Why do bullies act the way they do?

Discussion in 'Bullying and Violence' started by snarrylover, Jan 27, 2013.

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  1. snarrylover

    snarrylover Well-Known Member

    I was just thinking back to some things that happened to me in High School. I wasn't bullied as much as other people are, but there was always this one girl who always liked to make a comment when she saw me. It was always something nasty, and one day I said something back to her, and suddenly she got angry and was all "you what? what did you say to me? I'm gonna get you for that."

    I just don't get it, and bullies seem to be all the same. They say things to you but the moment you say something back, or defend yourself, they act like you're the one that's started something and you need to pay for it.

    I was bullied at work as well, but everyone turned against me. I got really angry that nothing was ever being done about it and walked out and after that I was seen as unstable which made everyone side with the bullies. I ended up quitting.

    I don't get what goes through the minds of these people.
  2. Crimson Tears

    Crimson Tears Miserable Soul

    They like a sense of power over others.
    When people don't say anything back, it makes them feel real strong and powerful so they keep doing it. When someone does decides to say something back, they feel threatened by it and react the way they do in an attempted to make you back down and let them continue bulling you.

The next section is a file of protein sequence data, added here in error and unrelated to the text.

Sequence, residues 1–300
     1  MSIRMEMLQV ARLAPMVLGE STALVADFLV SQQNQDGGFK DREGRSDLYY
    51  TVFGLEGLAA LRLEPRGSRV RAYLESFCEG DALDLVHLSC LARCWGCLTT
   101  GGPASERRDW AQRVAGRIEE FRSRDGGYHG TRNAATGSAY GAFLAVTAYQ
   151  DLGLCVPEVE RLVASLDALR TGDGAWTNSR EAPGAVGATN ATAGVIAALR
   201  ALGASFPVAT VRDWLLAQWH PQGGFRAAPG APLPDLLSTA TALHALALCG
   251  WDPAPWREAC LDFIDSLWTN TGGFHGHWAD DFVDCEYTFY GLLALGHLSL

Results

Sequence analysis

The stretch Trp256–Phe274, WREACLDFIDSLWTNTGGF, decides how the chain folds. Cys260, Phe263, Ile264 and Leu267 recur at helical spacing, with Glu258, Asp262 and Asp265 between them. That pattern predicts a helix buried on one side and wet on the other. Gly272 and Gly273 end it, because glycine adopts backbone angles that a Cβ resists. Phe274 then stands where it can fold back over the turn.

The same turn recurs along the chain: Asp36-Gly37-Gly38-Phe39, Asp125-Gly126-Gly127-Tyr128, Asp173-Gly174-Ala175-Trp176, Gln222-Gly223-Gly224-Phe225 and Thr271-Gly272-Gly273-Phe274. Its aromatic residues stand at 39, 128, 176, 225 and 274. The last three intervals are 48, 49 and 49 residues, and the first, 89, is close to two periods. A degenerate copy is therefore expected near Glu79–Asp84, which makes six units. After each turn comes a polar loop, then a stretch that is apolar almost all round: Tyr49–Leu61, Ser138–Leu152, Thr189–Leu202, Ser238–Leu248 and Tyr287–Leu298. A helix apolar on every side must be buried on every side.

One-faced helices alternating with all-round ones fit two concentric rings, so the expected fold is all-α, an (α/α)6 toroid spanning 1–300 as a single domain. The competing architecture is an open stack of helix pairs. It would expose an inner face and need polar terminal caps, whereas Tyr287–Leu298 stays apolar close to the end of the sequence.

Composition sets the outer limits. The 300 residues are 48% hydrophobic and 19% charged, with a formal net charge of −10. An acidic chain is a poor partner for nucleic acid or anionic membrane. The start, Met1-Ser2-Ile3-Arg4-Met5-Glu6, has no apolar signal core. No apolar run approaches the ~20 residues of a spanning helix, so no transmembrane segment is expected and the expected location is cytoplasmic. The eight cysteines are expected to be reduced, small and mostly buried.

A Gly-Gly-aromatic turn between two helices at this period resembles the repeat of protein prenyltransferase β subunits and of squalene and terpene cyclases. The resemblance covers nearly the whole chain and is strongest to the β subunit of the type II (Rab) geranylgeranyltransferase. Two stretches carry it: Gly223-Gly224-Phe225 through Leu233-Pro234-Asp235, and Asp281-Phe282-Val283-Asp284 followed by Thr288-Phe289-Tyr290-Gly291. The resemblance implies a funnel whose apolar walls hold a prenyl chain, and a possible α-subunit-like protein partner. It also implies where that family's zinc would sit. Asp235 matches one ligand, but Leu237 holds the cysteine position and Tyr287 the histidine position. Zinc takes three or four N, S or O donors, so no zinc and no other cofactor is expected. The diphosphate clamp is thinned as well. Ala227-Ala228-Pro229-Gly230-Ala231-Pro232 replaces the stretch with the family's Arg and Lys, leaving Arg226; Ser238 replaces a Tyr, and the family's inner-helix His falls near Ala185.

Ever wondered why their targets are normally either quiet, unpopular, not so bright, teachers pet, brainy or people lacking confidence? The don't see those people ever standing up for themselves which makes them very easy to bully and intimidate.
    Some do it just to build up a reputation to make people fear them for some bizarre reason.

    Bullies are just sick twisted people that get off on abusing others, why else would they do it?
  3. Witty_Sarcasm

    Witty_Sarcasm Eccentric writer, general weirdo, heedless heathen

    I think they are either insecure themselves, and like to make themselves feel better by making someone else feel small...or maybe they are just assholes. Either way, you can't let their opinions get you down, because they are unfounded. I was bullied all the time in school, but you just can't let people have that kind of power over you.
  4. snarrylover

    snarrylover Well-Known Member

    It's not their opinions that get to me, it's the unfairness of it all really. It angers and upsets me.

    There was a boy in High School who was bullied so much that he had to move school. But because the popular kids bullied him it became the thing to do and everyone used to laugh whenever he was mentioned. It was so awful and I can't imgine what he felt like. You have to be an awful human being to find that entertaining, but these awful people are the ones with lots of friends and good looks - the kind of people who, when they die, people will say how lovely and social they were because the people close to them can't see their massive flaws.